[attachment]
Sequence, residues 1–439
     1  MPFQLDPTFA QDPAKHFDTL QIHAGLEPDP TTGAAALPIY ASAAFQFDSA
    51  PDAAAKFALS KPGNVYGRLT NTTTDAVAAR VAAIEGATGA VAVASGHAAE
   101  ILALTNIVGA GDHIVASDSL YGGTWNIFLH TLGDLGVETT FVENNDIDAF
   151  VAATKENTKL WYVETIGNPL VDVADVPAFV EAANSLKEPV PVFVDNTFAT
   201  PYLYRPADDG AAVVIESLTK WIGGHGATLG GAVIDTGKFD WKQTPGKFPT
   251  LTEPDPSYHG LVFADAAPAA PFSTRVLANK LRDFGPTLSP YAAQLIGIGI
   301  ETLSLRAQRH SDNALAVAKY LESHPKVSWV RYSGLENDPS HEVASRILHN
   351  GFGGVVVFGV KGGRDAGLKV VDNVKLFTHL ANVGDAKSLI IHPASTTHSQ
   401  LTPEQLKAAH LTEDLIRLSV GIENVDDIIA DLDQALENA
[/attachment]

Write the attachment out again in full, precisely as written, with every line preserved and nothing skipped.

Sequence, residues 1–439
     1  MPFQLDPTFA QDPAKHFDTL QIHAGLEPDP TTGAAALPIY ASAAFQFDSA
    51  PDAAAKFALS KPGNVYGRLT NTTTDAVAAR VAAIEGATGA VAVASGHAAE
   101  ILALTNIVGA GDHIVASDSL YGGTWNIFLH TLGDLGVETT FVENNDIDAF
   151  VAATKENTKL WYVETIGNPL VDVADVPAFV EAANSLKEPV PVFVDNTFAT
   201  PYLYRPADDG AAVVIESLTK WIGGHGATLG GAVIDTGKFD WKQTPGKFPT
   251  LTEPDPSYHG LVFADAAPAA PFSTRVLANK LRDFGPTLSP YAAQLIGIGI
   301  ETLSLRAQRH SDNALAVAKY LESHPKVSWV RYSGLENDPS HEVASRILHN
   351  GFGGVVVFGV KGGRDAGLKV VDNVKLFTHL ANVGDAKSLI IHPASTTHSQ
   401  LTPEQLKAAH LTEDLIRLSV GIENVDDIIA DLDQALENA